A day spent without the sight or sound of beauty, the contemplation of mystery, or the search for truth and perfection, is a poverty-stricken day; and a succession of such days is fatal to human life.
Lewis Mumford (1895-1990),
in The Condition of Man 
[quoted in Seldes, The Great Thoughts, 1980]
And, in light of the above, the advice of Walt Whitman (as found in the Preface to his original, 1855 edition of his Leaves of Grass), will also be most appropriate here:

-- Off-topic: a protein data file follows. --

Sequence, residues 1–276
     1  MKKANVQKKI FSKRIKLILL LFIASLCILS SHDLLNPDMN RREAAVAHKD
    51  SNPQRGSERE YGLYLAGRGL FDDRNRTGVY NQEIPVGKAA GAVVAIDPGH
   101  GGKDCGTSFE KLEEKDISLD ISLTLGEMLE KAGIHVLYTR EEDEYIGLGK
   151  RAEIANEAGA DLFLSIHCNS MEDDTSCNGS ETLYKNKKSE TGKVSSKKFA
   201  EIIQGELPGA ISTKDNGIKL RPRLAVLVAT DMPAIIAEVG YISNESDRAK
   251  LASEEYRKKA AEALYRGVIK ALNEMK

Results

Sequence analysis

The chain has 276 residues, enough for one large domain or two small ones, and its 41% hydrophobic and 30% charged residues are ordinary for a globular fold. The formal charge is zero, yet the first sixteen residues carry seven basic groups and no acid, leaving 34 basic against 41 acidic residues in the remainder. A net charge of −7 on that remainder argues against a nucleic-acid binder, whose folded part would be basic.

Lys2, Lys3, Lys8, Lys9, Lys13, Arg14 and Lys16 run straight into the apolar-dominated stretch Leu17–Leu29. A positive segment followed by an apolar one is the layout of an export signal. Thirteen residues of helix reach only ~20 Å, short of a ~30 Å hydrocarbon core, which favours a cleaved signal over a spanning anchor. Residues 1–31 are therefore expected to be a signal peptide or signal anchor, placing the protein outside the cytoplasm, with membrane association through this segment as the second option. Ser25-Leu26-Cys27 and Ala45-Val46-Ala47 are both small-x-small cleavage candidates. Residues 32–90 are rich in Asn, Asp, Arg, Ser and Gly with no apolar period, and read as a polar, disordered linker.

This is what you should do: love the earth and sun and the animals, despise riches, give alms to everyone that asks, stand up for the stupid and crazy, devote your income and labor to others, hate tyrants, argue not concerning God, have patience and indulgence toward the people, take off your hat to nothing known or unknown or to any man or number of men ... re-examine all you have been told at school or church or in any book, dismiss what insults your own soul, and your very flesh shall be a great poem.